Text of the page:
I'll do my own dishes, thank you, but I'd gladly pay your "tween" girl to organize my closet once a month.

For the child who loves animals:

Babysitting is sometimes too risky for younger kids, but pet sitting is not. If you will take my pet into your home, I'd be happy to pay you. If you care to stay at my home, I'd pay more.

My dog needs to be bathed, walked, clipped. In these hard economic times, I can't afford to take my pet to the salon. I'll pay your child to care for my pup -- just not as much as the pros.

For the child with a sales bent:

Forget the lemonade, On Sunday morning sell Starbuck's coffee on the corner for half the price of the store down the street. A child with business strength will take to this. You will know if your child has business strengths if he is always trying to cut a deal with you or negotiate the terms. Have a child with strength in math crunch the numbers for the coffee sales and find the cheapest way to do it. Add an herbal tea selection, and you're in business. If you live in an apartment building, have your child offer to deliver the ready- made coffee to the door in the morning.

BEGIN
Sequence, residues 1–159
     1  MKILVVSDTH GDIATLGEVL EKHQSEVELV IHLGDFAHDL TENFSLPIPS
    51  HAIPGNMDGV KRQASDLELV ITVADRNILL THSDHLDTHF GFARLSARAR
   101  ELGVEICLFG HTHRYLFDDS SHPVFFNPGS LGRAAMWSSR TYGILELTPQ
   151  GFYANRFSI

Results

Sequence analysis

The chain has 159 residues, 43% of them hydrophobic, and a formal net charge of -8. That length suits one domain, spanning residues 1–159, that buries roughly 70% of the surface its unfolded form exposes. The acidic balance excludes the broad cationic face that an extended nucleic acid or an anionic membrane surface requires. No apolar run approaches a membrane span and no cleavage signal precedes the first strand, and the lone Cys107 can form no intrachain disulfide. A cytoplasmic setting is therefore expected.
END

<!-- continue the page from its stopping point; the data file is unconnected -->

For the child who loves to film or photograph:

Some high school kids are real whizzes at film editing on iMac. Have them advertise they will edit family videos into a show. Better yet, advertise that you will take photos and make a wedding video for a rehearsal dinner. Most teens can scan photos and create this.

Children who like to photograph can offer to come to your home, photograph all your belongings and put the photos in an album for insurance purposes. I never have time to do things like this, but would gladly pay someone to do it for me.

For the Child who is attracted to plants and nature:
Is your child drawn to plants? They can begin a service where they care for people's plants while they are away. Do you need your garden spruced up for spring? These are services we need but many people must cut back on.

The small jobs, ideas and creative things that you and your children come up with today may actually inspire your child for a lifetime. You can help your child put their strengths to financial use. Here are some places you can help advertise your child's goods and services:

Craigslist, school's teacher's lounge, school parking lot -- fliers on windshields, or in the carpool line, grocery store bulletin board, church bulletin, and the good old fashioned sandwich board.